PROSSER -- Once a favorite local controversy, the north Prosser water reservoir has quietly taken shape 120 feet into the sky over the city's northwest entrance.
Construction workers this week hoisted the 19,000-pound roof over the 1.2-million-gallon monolith, which stands sentinel off Interstate 82 at the corner of Wine Country and Albro roads.
The tower is one of many recent municipal projects for the city of 5,700, including new water lines for the Village Park housing subdivision and the aquatic center in Miller Park.
"It's exciting, it's busy," said L. J. DaCorsi, the city public works director. "We welcome it."
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The reservoir is scheduled to be complete by the end of October. The tower, accompanying water and sewer extensions and a booster pump cost nearly $2.6 million, paid for with low-interest federal and state loans.
The city has installed lighting, and plans to paint a city logo on the west side and the Prosser High School Mustang logo on the east.
City officials and business leaders have discussed the tower for at least 10 years, calling it the best alternative to boost water pressure for business and firefighting in the rapidly growing commercial area along the north edge of town near the freeway.
Mayor Paul Warden called it "the key to any development in that end."
In 2007, Desert Valley Powersports almost dropped plans to build its Merlot Drive boat and motorcycle retail business because of low water pressure in the area, said Deb Heintz, executive director of the Prosser Economic Development Association.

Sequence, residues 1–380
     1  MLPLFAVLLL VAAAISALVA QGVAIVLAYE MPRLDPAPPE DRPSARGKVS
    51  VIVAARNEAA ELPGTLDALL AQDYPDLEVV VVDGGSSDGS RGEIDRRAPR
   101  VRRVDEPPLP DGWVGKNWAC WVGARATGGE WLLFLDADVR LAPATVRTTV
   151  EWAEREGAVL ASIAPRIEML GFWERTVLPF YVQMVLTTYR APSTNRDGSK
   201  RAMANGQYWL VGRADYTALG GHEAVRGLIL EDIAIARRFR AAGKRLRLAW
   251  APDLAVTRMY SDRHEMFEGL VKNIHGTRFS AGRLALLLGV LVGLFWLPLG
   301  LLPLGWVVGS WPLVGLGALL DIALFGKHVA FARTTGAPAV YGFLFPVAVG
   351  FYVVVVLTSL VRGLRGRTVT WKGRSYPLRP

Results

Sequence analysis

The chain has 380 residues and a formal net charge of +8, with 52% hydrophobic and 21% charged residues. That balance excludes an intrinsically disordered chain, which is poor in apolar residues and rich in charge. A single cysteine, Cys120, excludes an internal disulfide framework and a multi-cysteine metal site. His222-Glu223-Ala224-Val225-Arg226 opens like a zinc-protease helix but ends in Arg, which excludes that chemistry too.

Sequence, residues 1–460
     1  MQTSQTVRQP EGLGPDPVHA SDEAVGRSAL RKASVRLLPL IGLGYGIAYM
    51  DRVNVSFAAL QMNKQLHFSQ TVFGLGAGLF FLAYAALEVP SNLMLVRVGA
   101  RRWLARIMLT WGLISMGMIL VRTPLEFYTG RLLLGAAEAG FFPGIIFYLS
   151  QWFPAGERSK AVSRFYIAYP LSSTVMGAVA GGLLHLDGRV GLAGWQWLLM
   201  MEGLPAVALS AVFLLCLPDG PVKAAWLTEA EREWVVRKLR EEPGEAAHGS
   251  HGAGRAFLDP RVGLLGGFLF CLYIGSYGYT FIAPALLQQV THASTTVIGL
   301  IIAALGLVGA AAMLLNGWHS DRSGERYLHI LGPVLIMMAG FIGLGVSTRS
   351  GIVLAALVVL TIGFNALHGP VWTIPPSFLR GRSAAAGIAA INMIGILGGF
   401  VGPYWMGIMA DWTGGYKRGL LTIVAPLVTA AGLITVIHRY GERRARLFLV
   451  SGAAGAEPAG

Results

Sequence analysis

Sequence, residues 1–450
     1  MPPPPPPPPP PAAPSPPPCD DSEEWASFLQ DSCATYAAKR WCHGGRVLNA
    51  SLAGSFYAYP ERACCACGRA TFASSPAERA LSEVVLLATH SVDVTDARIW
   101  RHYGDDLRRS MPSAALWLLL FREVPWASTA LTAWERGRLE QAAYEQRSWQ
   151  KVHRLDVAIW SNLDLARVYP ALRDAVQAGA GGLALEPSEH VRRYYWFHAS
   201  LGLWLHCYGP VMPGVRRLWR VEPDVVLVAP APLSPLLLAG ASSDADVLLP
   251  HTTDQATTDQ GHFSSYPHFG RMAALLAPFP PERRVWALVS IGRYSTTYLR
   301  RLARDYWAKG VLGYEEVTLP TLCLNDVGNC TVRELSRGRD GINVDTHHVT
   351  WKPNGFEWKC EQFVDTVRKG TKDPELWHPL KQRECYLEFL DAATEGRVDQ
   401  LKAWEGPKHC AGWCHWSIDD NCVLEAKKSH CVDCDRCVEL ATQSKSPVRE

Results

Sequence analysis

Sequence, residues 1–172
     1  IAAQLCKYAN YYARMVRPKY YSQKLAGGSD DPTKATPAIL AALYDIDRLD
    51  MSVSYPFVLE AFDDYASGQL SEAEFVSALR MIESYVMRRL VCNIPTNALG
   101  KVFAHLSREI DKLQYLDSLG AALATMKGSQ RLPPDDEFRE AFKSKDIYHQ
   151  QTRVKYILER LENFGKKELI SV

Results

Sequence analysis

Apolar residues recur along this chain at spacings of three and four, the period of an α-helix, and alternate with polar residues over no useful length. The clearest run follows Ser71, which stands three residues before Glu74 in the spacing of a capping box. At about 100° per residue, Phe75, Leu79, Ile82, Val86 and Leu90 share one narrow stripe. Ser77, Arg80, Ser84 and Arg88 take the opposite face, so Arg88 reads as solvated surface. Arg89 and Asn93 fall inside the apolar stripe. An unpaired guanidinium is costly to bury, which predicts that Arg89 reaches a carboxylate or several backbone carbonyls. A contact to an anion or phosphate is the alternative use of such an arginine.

"(The tower) was something that the community absolutely had to have to expand and stay healthy as a community," Heintz said.
Not all were so convinced. As recently as four years ago, the tower became a symbol for accusations of money-wasting by City Hall critics.
City council members at the time briefly discussed building the reservoir in the shape of a wine glass, but scrapped the idea after engineers told them it would add $600,000 to the price tag.
The reservoir was one of the major issues driving campaigns for the 2007 city council elections, during which 13 candidates filed for three offices in the primary. Four candidates ran for mayor, including Warden, who won.
Many challengers criticized incumbents for putting wine tourists and new businesses ahead of established neighborhoods and approving rate increases to pay for the improvements. Prosser's water rates increased 8 percent in 2008, 4.5 percent in 2009 and 1 percent this year.
One of the candidates, Clif Steelman, contended the city could accomplish the same goals by revamping existing pipes leading from the 3-million-gallon tank south of town on the slope of the Horse Heaven Hills.
Steelman, who didn't get elected, said he still has the same position but declined to discuss the issue now that construction has started.
"Kicking a dead horse never solves anything," he said.